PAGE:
The Association of Colleges and the Department for Business, Innovation and Skills (BIS) are backing research into the delivery of part-time higher education courses in FE colleges.

The £246,000 programme will aim to identify barriers in recruitment to part-time degree level courses in colleges, which has been declining for the past six years. It fell nearly 40 per cent in the 2012/13 academic year.

It will also identify barriers to the expansion of higher education in colleges and make recommendations on how colleges can be enabled and supported to develop their higher education offering.

Nick Davy, the association’s higher education manager, said: “This is a significant research programme and will be crucial to widening our understanding of the underlying causes for the recent decline in part-time higher education numbers, improve colleges’ market intelligence, and inform future policymaking to expand college higher education and support strategic objectives, such as achieving degree-awarding powers.”

A statement from the association suggested that the decline could be due to the introduction and limited promotion of 24+ loans, reduced employer training budgets and the uneven spread of part-time courses.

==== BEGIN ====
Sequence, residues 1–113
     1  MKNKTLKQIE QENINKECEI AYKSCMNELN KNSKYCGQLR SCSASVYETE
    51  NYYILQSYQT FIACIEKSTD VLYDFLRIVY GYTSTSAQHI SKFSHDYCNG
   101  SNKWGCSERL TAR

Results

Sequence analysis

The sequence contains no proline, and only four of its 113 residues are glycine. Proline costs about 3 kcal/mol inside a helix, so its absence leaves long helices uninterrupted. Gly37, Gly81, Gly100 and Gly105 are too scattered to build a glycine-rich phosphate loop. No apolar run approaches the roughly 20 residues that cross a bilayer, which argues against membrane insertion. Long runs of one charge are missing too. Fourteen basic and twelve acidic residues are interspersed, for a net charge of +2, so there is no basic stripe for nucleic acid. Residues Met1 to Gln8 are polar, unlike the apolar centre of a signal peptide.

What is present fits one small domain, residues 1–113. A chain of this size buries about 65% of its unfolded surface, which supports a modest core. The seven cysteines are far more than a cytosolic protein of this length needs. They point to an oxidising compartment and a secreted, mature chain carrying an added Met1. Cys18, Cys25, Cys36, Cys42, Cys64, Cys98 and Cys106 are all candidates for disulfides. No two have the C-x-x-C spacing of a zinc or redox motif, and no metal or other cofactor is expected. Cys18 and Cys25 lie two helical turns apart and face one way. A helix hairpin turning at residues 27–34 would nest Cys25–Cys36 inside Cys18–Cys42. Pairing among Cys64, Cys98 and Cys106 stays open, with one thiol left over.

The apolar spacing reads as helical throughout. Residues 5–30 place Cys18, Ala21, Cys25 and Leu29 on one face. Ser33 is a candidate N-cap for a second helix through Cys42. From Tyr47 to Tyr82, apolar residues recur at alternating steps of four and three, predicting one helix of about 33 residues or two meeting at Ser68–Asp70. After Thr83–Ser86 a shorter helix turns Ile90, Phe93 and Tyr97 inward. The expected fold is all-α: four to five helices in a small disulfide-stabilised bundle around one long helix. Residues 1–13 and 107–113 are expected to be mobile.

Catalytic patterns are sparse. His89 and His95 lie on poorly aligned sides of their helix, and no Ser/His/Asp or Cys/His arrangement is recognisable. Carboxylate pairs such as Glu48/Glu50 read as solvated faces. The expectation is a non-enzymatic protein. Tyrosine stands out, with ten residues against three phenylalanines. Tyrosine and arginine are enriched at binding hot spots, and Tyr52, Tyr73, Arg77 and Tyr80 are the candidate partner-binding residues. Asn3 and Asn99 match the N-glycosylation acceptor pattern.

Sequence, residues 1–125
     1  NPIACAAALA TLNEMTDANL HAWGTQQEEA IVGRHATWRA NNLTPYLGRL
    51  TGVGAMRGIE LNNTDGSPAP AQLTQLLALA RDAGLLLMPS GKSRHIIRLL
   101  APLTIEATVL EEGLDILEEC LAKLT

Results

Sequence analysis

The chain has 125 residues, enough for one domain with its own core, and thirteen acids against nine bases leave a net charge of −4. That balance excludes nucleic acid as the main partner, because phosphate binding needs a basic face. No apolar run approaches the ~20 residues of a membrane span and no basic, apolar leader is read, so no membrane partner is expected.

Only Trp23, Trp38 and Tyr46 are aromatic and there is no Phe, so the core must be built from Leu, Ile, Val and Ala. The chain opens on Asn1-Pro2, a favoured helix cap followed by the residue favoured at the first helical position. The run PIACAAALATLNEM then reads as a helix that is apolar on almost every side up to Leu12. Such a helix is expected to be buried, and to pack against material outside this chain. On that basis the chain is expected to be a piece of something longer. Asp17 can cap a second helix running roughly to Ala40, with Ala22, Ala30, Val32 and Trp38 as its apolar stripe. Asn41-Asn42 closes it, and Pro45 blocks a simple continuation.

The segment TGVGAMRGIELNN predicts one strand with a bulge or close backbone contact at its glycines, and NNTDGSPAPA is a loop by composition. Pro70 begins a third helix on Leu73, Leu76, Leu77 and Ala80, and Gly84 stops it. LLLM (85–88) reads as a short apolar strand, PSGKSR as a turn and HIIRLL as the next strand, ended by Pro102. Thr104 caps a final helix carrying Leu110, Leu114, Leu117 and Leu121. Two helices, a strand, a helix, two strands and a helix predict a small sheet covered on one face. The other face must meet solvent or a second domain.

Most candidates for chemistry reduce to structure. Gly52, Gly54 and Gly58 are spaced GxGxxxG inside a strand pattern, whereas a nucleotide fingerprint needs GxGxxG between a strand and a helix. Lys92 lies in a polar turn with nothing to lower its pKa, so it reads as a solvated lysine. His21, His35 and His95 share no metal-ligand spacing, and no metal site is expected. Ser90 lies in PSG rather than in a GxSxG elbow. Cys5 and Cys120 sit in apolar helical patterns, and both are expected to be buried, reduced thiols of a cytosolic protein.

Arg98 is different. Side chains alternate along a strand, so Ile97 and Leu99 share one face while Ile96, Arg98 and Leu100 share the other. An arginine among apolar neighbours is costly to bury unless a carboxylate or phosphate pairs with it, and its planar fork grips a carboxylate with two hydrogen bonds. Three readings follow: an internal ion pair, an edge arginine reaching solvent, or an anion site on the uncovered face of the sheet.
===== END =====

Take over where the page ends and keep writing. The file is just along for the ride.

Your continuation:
It also suggested that younger students might have poor regard for this form of study.

Universities and Science Minister David Willetts said: “This is an important study that will help us in our drive to create a more diverse sector with more opportunities for part-time or accelerated courses, distance learning and higher level vocational study.

“FE students studying higher level qualifications are more likely than university students to be over 25, part-time and come from areas with low rates of participation in higher education.

“So it is vital that we understand what more can be done to get FE colleges to increase their higher education offer.”

Mr Davy agreed, saying: “Higher education is a core priority for many of our member colleges, the majority of which provide undergraduate and postgraduate level courses.

“The college higher education offer is distinctive in that it offers cost-effective courses close to home and has a strong track record in widening participation to people from disadvantaged backgrounds who may not have thought university was for them.”

The two-year project will be carried out by the centre for widening participation policy studies at the University of East London Continuum, which has expertise in higher vocational education.

Professor John Storan, director of Continuum, said: “This research will address both the reasons for the downturn in part-time higher education college participation and examine the factors which impact on the expansion of higher education capacity within colleges.”